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The Junior Officers' Reading Club by the author Patrick Hennessey

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The Junior Officers' Reading Club
Authors:
Genre: Biography , History , Non-Fiction , War
Series: missing
Ratings: ★★★★☆☆
Publisher: Riverhead Trade
Pub Year:
ISBN: 9781594484797
   
List Price: 0.00
Download: EPUB MOBI


Summary

Hailed as a classic of war writing in the U.K., The Junior Officers' Reading Club is a revelatory first-hand account of a young enlistee's profound coming of age. Attempting to stave off the tedium and pressures of army life in the Iraqi desert by losing themselves in the dusty paperbacks on the transit-camp bookshelves, Hennessey and a handful of his pals from military academy form the Junior Officers' Reading Club. By the time he reaches Afghanistan and the rest of the club are scattered across the Middle East, they are no longer cheerfully overconfident young recruits, hungering for action and glory. Hennessey captures how boys grow into men amid the frenetic, sometimes exhilarating violence, frequent boredom, and almost overwhelming responsibilities that frame a soldier's experience and the way we fight today.

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From Publishers Weekly

While no doubt the bravado with which Hennessy frames his account of daily life in a war zone reveals the crucial but often overlooked heart and mind of a soldier, the unsettling results confirm the vapid promises of war: that in battle, there is no context, no history, but only boredom, adrenaline, or grief. "Fun," "thrill," and "excitement" drive Hennessy, and apparently his comrades as well, even after a lot of blood and death; that this fact endures becomes more horrifying than the wars enveloping them. Hennessy's story jumps from daily life at the Royal Military Academy Sandhurst, to drills in the British countryside, to Iraq and Afghanistan, and the sum of these parts never quite adds up to a cohesive tale, though sections share a hurried disjointedness that occasionally comes off as narrative momentum. The jargon and relentless use of acronyms certainly captures military speech but obscures the basic development of many scenes. Though a glossary of terms is included, flipping for every DTDF, OPTAG NCO, and GPMG would make for more back-and-forth than any attention span would permit.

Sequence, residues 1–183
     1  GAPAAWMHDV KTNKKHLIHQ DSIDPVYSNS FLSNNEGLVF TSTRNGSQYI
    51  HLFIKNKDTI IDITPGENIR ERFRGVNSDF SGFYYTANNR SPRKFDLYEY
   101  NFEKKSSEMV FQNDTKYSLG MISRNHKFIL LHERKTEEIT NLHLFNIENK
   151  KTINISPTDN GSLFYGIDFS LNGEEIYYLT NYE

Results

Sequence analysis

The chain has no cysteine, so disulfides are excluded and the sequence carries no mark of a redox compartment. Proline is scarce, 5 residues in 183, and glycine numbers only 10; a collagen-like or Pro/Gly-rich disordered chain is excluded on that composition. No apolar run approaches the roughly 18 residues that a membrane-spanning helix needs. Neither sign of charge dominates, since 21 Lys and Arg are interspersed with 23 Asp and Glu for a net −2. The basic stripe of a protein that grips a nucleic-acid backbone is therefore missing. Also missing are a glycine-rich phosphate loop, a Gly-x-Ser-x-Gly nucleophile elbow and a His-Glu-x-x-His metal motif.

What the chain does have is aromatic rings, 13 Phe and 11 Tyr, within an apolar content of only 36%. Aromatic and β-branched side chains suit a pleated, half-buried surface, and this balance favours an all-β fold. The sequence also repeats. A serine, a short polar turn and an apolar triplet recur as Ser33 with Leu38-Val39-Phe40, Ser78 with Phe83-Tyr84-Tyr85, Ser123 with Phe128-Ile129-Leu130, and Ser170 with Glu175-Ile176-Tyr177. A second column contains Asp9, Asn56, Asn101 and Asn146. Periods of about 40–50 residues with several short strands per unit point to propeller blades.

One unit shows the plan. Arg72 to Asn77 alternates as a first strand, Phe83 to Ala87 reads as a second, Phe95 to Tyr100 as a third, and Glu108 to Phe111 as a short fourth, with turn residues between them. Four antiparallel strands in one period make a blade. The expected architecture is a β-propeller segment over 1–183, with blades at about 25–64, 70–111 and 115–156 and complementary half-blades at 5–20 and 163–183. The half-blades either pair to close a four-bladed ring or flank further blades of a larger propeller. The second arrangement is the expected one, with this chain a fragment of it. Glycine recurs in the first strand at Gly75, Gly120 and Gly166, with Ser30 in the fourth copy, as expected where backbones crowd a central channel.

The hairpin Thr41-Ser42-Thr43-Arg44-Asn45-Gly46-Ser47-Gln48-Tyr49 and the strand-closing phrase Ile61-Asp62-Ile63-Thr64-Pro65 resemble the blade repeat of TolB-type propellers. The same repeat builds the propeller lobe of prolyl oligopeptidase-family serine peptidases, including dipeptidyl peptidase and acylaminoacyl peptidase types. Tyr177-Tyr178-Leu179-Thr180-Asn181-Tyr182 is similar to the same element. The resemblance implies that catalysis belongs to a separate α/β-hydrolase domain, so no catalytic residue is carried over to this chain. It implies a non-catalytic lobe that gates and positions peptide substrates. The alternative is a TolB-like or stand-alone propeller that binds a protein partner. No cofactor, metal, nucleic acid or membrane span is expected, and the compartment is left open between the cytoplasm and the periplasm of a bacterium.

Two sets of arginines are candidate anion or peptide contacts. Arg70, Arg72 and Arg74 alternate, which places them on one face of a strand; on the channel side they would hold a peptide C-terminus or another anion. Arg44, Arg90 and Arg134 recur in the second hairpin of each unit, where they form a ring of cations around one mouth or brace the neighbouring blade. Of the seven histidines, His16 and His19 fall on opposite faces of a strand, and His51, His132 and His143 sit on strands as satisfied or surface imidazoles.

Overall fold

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From Booklist

Starred Review Oxford graduate Hennessey decided he wanted to do something exciting, so he went to Sandhurst, England’s Royal Military Academy, and then to Bosnia, Iraq, and, ultimately, Afghanistan as a lieutenant and platoon leader in the Grenadier Guards. There he found what he was looking for, and this voluble, kinetic, and often funny book recounts his experiences. He’s cheeky about Sandhurst, describing it as “Hogwarts with guns” and asserting that military knowledge and leadership were taught primarily through “MARCHING, IRONING, and SHOUTING,” but he also acknowledges the program’s effectiveness. (He became the Royal Army’s youngest captain.) His time in Iraq melded boredom and frustration because he and his fellow guards realized they “weren’t going to have a fight” in Baghdad; with time on their hands, Hennessey and his fellow junior guards formed the titular reading club. Reassigned to Afghanistan, however, he found his fights, which rivaled Korea and even WWII in intensity. The book’s pace, never leisurely, accelerates in Afghanistan, as Hennessey vividly describes near-constant battle with Taliban fighters and confronts his reactions: exhaustion, fear, grief, fellowship, confusion, and what he calls the “rapture” of war. All wars generate fine books. This may be one of the best to come out of the war in Afghanistan. --Thomas Gaughan